Light Bulbs: High Intensity Discharge Lamps



High Intensity Discharge Lamp (HID)

High Intensity Discharge Lamp (HID)

Primelite continues our look at the different types of light bulbs. From Incandescent to LED, lighting has changed immensely over the past 200+ years. In the past we’ve taken a look at Incandescent Bulbs, Reflector Lamps (Incandescent)Tungsten-Halogen LampsFluorescent Lamps and Compact Fluorescent Lamps (CFL). This week we’ll explore High Intensity Discharge Lamp (HID).

What is a High Intensity Discharge Lamp.

High-intensity discharge lamps (HID lamps) are a type of electrical gas-discharge lamp which produces light by means of an electric arc between tungsten electrodes housed inside a translucent or transparent fused quartz or fused alumina arc tube. This tube is filled with both gas and metal salts. The gas facilitates the arc’s initial strike.

HID lamp diagramOnce the arc is started, it heats and evaporates the metal salts forming plasma, which greatly increases the intensity of light produced by the arc and reduces its power consumption. HID lamps use an electric arc to produce intense light. Like fluorescent lamps, they require ballasts. They also take up to 10 minutes to produce light when first turned on because the ballast needs time to establish the electric arc. Because HID lamps take awhile to establish, they are most suitable for applications in which they stay on for hours at a time. Due to the intense light they produce at a high efficacy, HID lamps are commonly used for outdoor lighting and in large indoor arenas.

HID lamps provide the highest efficacy and longest service life of any lighting type. It can save 75%-90% of lighting energy when it replaces incandescent lighting.

hidLmaps01d

The three most common types of high-intensity discharge lamps are:

Mercury Vapor Lamps
Metal Halide Lamps
High-Pressure Sodium Lamps

Mercury Vapor LampMercury Vapor Lamps
Mercury vapor lamps, the oldest types of high-intensity discharge lighting, are used primarily for street lighting.Mercury vapor lamps provide about 50 lumens per watt. They cast a very cool blue/green white light. Most indoor mercury vapor lamps in arenas and gymnasiums have been replaced by metal halide lamps. Metal halide lamps have better color rendering and a higher efficacy. However, like high-pressure sodium lamps, mercury vapor lamps have longer lifetimes (16,000-24,000 hours) than metal halide lamps.

Metal Halide LampsMetal Halide Lamps
Metal halide lamps produce a bright, white light with the best color rendition among high-intensity lighting types. They are used to light large indoor areas, such as gymnasiums and sports arenas, and outdoor areas, such as car lots.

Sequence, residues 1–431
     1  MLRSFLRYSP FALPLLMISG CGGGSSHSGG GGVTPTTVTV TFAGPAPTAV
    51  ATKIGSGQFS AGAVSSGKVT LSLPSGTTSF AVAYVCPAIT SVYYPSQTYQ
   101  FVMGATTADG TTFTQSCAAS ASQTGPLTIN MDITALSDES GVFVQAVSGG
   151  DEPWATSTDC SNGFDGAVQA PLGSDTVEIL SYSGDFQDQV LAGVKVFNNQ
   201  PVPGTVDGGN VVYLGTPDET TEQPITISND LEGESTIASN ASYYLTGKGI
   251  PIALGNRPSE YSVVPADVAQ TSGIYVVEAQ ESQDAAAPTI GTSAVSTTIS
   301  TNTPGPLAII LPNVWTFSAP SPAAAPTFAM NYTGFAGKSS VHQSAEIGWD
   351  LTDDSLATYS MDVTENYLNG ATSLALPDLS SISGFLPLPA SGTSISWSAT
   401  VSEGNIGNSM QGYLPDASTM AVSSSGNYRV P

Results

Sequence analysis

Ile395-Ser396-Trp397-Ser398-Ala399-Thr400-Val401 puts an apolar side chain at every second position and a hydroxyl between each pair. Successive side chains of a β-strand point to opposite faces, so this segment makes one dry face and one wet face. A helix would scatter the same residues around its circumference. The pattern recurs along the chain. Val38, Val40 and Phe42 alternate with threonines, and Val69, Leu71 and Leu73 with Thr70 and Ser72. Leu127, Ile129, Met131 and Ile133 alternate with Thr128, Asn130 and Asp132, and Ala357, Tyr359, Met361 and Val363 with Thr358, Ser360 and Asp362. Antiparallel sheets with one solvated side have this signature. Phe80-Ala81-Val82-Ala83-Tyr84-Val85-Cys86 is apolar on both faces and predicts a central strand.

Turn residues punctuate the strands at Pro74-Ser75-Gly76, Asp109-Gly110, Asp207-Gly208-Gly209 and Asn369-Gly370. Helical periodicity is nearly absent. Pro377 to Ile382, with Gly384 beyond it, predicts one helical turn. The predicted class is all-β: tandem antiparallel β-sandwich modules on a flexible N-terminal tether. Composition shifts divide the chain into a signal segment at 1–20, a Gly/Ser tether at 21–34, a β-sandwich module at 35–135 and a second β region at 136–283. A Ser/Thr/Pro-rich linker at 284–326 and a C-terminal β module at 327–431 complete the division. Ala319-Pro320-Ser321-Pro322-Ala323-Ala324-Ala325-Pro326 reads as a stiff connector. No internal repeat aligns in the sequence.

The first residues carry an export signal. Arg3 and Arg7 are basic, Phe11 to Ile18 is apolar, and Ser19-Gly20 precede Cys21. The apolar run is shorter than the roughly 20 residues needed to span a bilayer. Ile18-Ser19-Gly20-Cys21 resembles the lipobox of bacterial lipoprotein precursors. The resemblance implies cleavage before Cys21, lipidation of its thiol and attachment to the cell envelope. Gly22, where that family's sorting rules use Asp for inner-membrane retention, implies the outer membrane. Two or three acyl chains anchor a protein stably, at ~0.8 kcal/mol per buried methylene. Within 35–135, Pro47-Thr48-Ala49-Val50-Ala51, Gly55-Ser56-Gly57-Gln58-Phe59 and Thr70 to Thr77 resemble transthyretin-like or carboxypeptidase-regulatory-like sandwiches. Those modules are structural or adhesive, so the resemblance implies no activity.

Metal halide lamps are similar in construction and appearance to mercury vapor lamps. The addition of metal halide gases to mercury gas within the lamp results in higher
light output, more lumens per watt, and better color rendition than from mercury gas alone. Metal halide lamps have shorter lifetimes (5,000-20,000 hours) than mercury vapor and high-pressure sodium lamps.


High Pressure Sodium LampHigh-Pressure Sodium Lamps

High-pressure sodium lighting is becoming the most common type of outdoor lighting. High-pressure sodium lamps have more lumens per watt—an efficiency exceeded only by low-pressure sodium lamps. They produce a warm white light. Like mercury vapor lamps, high-pressure sodium lamps have poorer color rendition than metal halide lamps but longer lifetimes (16,000-24,000 hours).

At the end of life, many types of high-intensity discharge lamps exhibit a phenomenon known as cycling. These lamps can be started at a relatively low voltage. As they heat up during operation, however, the internal gas pressure within the arc tube rises and a higher voltage is required to maintain the arc discharge. As a lamp gets older, the voltage necessary to maintain the arc eventually rises to exceed the voltage provided by the electrical ballast. As the lamp heats to this point, the arc fails and the lamp goes out. Eventually, with the arc extinguished, the lamp cools down again, the gas pressure in the arc tube is reduced, and the ballast can once again cause the arc to strike. The effect of this is that the lamp glows for a while and then goes out, repeatedly.

Sometimes the quartz tube containing mercury can explode releasing up to 30 mg of mercury vapor into the atmosphere. This quantity of mercury is potentially toxic, but the main hazard from broken lamps is glass cuts. The manufacturer Philips recommends the use of a mercury vacuum cleaner, ventilation or respiratory protection, eye protection, and protective clothing when dealing with broken lamps. Mercury lamps also require special waste disposal, depending on location

Series: Primelite looks at the light bulb:

Sources:
Wikipedia – High-Intensity Discharge Lamps
US Dept. of Energy / Energy.Gov – High-Intensity Discharge Lighting Basics

Photos:
Mercury Vapor Lamp – Wikipedia
Metal Halide Lamp – Wikipedia